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Thus She Spoke; Therefore I Listened
Be Word Wise
'Thus' Or 'Therefore'?
There is endless confusion about these two words.
Warning: the confusion is made worse by faulty (read, 'plain wrong') advice offered on several so-called 'language learning' sites.
The difference between the two words is really quite straightforward.
‘Thus’ means ‘in this way’ (it’s the 'how')
If you want to say ‘in this way’, then use 'thus'. Chances are you won’t need to use it often. It can sound a little stilted. If it’s used properly, it can be replaced with ‘that’s how’. (So why not say ‘that’s how’?)
I found the combination, manipulated the dial and pulled open the heavy door of the safe; thus (that’s how) I retrieved my treasures.
People often write ‘thus’ when they should write ‘therefore’. The two are sometimes interchangeable but not usually. I’ll explain.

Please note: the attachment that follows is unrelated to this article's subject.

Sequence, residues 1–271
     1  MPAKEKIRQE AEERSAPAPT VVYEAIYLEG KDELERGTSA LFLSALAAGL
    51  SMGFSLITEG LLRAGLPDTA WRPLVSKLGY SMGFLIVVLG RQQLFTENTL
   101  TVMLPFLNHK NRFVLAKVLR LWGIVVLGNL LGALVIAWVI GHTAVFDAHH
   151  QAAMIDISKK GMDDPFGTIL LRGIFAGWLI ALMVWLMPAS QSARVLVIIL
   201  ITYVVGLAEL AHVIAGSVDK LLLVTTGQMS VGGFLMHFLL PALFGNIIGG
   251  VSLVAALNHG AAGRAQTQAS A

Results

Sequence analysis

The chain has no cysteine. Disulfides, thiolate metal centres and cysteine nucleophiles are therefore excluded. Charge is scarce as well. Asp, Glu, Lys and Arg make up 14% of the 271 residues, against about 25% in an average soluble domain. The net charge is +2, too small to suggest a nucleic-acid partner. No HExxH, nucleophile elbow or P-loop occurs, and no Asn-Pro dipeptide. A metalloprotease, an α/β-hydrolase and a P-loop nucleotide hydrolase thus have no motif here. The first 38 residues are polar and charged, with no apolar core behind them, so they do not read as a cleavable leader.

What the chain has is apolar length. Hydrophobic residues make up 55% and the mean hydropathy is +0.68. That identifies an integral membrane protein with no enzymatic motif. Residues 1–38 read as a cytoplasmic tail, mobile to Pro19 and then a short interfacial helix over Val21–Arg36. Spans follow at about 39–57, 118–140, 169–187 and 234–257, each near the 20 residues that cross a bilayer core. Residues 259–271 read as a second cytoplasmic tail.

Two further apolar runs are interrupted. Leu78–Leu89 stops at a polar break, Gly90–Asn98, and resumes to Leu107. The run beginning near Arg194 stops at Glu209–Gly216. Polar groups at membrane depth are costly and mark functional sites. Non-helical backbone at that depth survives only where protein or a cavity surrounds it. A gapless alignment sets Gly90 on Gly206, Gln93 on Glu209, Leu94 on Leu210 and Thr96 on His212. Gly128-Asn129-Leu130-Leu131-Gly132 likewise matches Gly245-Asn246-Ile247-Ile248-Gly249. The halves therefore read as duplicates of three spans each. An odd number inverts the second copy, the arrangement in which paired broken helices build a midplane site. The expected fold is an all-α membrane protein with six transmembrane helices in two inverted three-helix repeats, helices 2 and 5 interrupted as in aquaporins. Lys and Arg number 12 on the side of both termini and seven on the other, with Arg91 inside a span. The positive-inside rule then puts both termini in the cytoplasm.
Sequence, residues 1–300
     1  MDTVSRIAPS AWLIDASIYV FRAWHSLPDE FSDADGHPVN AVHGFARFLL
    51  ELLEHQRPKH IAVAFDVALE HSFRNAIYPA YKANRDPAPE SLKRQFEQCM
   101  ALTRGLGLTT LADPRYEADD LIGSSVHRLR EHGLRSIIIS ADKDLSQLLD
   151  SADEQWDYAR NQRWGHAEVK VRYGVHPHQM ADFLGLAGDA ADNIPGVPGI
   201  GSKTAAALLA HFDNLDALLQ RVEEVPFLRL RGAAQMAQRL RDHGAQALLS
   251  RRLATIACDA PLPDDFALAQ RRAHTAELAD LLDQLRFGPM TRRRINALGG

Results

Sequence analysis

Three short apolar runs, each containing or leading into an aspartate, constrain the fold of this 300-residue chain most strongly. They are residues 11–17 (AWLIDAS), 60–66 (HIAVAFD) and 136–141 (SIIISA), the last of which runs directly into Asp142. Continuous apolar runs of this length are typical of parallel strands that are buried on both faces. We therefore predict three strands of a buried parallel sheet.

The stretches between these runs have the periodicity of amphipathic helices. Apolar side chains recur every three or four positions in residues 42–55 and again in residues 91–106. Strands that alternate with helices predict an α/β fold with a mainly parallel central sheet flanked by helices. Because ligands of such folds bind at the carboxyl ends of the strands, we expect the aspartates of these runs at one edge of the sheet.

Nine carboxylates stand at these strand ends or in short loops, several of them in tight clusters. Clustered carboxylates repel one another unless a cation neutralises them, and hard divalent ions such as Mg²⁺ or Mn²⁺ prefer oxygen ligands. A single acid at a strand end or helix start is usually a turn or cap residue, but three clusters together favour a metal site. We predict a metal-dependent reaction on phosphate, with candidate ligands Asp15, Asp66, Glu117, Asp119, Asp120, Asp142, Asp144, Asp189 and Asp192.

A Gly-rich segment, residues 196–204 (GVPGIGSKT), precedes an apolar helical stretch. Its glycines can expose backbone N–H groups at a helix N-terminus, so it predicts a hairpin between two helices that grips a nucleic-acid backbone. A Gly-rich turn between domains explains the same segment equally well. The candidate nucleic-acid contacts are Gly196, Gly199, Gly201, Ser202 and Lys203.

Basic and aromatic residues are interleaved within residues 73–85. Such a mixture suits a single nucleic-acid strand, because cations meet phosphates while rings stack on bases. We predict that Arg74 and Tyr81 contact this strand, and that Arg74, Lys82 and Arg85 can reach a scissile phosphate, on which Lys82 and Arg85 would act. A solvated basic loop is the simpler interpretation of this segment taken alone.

‘Therefore’ means ‘for this reason' (it’s the 'why')
‘Therefore’ is often about cause and effect and, in informal language, it can sometimes be replaced by 'so'.
It was raining; therefore (for this reason / that’s why), I took my umbrella.
Note that 'therefore' starts a new clause, and is preceded by a semi-colon, not a comma.
In the example, above, ‘thus’ would be totally wrong. It’s not about ‘how’ you took your umbrella, but ‘why’.
When they seem to be the same…
Finally, look at these two sentences:
I saw he had a runny nose, a cough and a high fever; thus (that’s how) I decided he had flu.
I saw he had a runny nose, a cough and a high fever; therefore (for this reason), I decided he had flu.
They give you a good example of how ‘thus’ and ‘therefore’ seem to be interchangeable – not because they mean exactly the same thing, but because the meaning, or outcome, of the sentence remains the same.
The simplest advice is, as always, to be absolutely sure about what you mean to say.
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